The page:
Corinne Austin | Personal Training

Some Healthy Guidelines for Kids & Exercise

Following my last article (which discussed the needs of parents to role model health and fitness to their kids) I had some wonderful feedback – so a big thanks to those who took their time to write to me. One of the big questions that came out of the feedback was about whether there are guidelines for exercise for kids. Great question, read on…

There is now an abundance of scientific evidence which suggests that physical activity for children between the ages of 3 and 17 has fundamental health benefits. Age-relevant levels of physical activity and exercise significantly contributes to the development of:

  • Strong and healthy bones
  • Strengthening of the heart and lungs
  • Postural awareness
  • Neuromuscular awareness (i.e. coordination)
  • A healthy body weight
  • Improved social skills
  • Self-confidence and self-esteem
  • Life-long healthy behaviours
  • Improved academic performance

In 2009, after two years of extensive development, consultations, and expert advice, Fitness NZ released a document which provided guidelines for children exercising in exercise facilities. These guidelines have a wonderful cross-over to how children should exercise in their own home or outdoor environments (not just in gym environments).

Below I have outlined age-relevant physical activity guidelines for your children:

  • Babies – Encourage them to be active from birth by moving their heads, limbs, fingers and toes. Encourage them to reach, push, pull and grasp. Appropriate lengths of tummy time is really important. Whether pre- or post-crawling, all baby activities should be in a supervised and nurturing environment.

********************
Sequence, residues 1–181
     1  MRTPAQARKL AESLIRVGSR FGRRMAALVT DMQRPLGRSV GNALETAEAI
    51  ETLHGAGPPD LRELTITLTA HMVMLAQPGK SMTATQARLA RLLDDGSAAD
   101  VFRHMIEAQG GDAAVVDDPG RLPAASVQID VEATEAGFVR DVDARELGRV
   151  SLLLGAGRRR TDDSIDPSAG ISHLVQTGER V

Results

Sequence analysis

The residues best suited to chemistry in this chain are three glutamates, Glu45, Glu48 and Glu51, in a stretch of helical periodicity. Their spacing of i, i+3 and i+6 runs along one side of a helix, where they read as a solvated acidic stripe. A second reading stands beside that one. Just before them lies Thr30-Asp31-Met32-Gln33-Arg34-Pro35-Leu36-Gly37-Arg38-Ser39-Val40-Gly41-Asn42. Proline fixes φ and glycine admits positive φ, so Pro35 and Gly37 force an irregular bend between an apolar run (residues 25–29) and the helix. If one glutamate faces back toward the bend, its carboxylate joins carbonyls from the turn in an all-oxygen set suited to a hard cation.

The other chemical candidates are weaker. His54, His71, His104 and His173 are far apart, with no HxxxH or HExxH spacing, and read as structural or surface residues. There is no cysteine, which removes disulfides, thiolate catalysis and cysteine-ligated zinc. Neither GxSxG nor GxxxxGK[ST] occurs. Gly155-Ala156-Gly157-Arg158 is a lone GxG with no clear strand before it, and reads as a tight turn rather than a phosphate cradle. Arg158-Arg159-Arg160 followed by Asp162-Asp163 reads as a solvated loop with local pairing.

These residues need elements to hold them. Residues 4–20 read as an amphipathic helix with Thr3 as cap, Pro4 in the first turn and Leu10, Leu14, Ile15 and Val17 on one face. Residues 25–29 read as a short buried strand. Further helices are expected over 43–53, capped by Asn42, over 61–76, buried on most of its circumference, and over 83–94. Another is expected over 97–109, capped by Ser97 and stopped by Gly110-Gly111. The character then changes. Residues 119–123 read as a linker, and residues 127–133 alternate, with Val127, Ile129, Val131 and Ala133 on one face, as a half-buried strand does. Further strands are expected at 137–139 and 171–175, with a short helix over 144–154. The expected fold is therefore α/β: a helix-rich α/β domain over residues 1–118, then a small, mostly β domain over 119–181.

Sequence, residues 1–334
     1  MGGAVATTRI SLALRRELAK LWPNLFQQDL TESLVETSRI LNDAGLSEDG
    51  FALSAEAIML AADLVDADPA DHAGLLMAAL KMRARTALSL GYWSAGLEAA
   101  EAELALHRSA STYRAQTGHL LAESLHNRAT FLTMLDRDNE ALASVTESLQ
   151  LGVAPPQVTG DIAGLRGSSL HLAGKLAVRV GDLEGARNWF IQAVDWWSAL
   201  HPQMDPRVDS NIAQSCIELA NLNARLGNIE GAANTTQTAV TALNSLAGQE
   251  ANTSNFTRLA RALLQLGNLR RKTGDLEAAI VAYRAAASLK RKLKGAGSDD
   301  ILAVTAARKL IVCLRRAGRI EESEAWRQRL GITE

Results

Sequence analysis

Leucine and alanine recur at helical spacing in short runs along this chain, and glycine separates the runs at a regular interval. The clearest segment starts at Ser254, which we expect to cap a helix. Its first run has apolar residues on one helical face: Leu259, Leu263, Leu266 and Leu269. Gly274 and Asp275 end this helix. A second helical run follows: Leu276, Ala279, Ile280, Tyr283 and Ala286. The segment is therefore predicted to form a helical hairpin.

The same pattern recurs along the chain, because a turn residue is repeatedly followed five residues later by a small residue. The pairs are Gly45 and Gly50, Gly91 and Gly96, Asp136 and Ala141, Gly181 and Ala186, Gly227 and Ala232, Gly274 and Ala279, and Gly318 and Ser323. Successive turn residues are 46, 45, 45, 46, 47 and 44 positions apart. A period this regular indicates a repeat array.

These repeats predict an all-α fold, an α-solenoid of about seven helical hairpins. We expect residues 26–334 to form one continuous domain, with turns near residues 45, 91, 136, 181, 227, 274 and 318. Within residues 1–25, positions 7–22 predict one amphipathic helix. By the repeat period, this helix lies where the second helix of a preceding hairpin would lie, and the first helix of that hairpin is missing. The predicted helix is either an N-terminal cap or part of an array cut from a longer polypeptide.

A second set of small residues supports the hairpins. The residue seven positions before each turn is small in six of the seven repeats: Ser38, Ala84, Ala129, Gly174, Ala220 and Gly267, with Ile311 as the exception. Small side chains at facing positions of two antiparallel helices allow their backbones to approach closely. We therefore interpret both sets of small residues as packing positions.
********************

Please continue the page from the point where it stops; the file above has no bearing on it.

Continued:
• Toddlers (2-4yrs) – Children who can walk should be physically active for an accumulate 3 hours every day. This can include light activity such as standing, rolling, and playing as well as more vigorous activity such as climbing, chasing, riding trikes, or playing in water.
  • (All of the following groups should be doing 60 minute or more of physical activity every day)
  • Children (5-8yrs) – Physical activity for this group should contribute to all-round development. This includes running, jumping, throwing, catching, balance, twisting, and climbing. Group games, team challenges, and partner activities are loved by this age bracket. Do not use weight machines or cardiovascular machines. Use the child’s own bodyweight as resistance.
  • Children (9-12yrs) – All the activities recommended for the age group above should be incorporated into the physical development of this group. Children over 9 can begin to use light ‘free weights’ for strength training. Activities and exercises should use multi-joint movements and emphasise the big muscle groups. Emphasis can be placed on the childs posture and correct movement patterns. Weight training machines and cardiovascular machines should not be used. Keep it fun.
  • Children (13-17yrs) – All activities recommended for the previous age group should be continued with this group. Depending on the individual child’s ability, equipment designed for adults can be used i.e. kettlebells, medicine balls, dumbbells – as long as the weight is appropriate (i.e. resistance should be light to moderate at most). Weight can be progressively increased once the exercise technique is mastered. Weight training can not be used until child is over 18 years old, but cardiovascular machines can be used if they are not too large for the child’s height.

Physical activity is an important element in the development of children. The skills and habits they derive from exercise and play are critical to a healthy and happy adulthood. Higher activity levels will also help to prevent and combat weight problems. A recent study showed that 74% of parents say they choose to spend quality time with their kids in front of a TV set. Are you providing an environment that encourages physical activity as well as allows your child to obtain their recommended daily exercise dose?

(Fitness NZ needs to be acknowledged for some of the information in this article).

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